Fabian Tomasi
Fabian Tomasi, Argentinian man affected by pesticides who is dedicating his life to giving a voice to all of the victims © Pablo Ernesto Piovano

So your work shows the effects of direct contact with pesticides, rather than indirect contact, namely eating “contaminated” foods?
Yes. They’re two separate things. On the one hand there’s exposure to pesticides; on the other there’s indirect contact, that is, through food. And the former is what people who live in villages close to fields sprayed with pesticides face.

How did you find the people and families portrayed in your photographs?
I drove 15,000 kilometres on three separate journeys. Meeting these people wasn’t simple, but by asking around I managed to come into contact with them. For example, I visited centres, home to an alarming number of bedridden children and teenagers. Talking with their families, it was clear that they had had direct contact with pesticides despite a lack of scientific evidence. Only by examining people before and after their contact with chemicals is it possible to provide scientific evidence, and this is quite impossible. However, some studies are showing that if women come into contact with pesticides during the first weeks of pregnancy, the odds of their child developing malformations are higher.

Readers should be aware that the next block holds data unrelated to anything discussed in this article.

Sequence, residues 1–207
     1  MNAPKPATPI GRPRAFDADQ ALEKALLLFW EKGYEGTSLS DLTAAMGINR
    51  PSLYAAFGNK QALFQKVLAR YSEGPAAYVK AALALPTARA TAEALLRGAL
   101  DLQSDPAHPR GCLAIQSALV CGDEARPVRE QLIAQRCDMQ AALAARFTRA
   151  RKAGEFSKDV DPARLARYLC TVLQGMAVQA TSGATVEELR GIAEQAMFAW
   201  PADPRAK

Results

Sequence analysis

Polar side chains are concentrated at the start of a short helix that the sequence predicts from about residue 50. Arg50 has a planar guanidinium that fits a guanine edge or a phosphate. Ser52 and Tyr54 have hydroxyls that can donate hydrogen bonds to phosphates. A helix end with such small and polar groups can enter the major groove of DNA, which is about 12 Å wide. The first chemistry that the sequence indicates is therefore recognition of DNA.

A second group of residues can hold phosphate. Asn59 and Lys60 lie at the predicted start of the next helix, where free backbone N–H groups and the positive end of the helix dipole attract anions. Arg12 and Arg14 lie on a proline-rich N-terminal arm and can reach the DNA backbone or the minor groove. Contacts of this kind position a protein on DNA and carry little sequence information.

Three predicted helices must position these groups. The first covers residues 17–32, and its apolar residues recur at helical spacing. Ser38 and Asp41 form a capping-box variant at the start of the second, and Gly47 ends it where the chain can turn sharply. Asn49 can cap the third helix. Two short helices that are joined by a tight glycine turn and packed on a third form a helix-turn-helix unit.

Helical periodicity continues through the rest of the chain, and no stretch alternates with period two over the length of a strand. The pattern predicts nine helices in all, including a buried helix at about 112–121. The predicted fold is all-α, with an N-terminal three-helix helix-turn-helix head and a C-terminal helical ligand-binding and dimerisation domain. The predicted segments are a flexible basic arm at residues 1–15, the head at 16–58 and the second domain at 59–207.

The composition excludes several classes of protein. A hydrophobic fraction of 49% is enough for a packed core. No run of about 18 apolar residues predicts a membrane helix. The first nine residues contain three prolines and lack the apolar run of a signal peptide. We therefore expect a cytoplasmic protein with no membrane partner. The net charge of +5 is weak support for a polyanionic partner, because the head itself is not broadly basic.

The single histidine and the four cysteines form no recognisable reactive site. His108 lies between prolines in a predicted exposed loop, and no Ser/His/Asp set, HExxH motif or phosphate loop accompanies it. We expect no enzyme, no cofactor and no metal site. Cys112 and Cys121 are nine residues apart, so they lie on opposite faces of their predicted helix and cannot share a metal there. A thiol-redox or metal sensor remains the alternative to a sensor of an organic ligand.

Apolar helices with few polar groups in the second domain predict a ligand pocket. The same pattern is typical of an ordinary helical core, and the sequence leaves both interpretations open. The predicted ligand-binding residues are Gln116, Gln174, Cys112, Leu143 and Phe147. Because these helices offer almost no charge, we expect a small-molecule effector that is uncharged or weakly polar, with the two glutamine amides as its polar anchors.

Did you investigate only glyphosate or other pesticides as well?
Working exclusively with glyphosate is almost impossible as farmers use cocktails, mixtures of chemicals. So it’s not about glyphosate only, but other products as well. About 20 million litres of glyphosate and 170 million litres of other chemicals (such as endosulfan, atrazine, cypermethrin, among others) are used every year. These substances are poisonous and hazardous.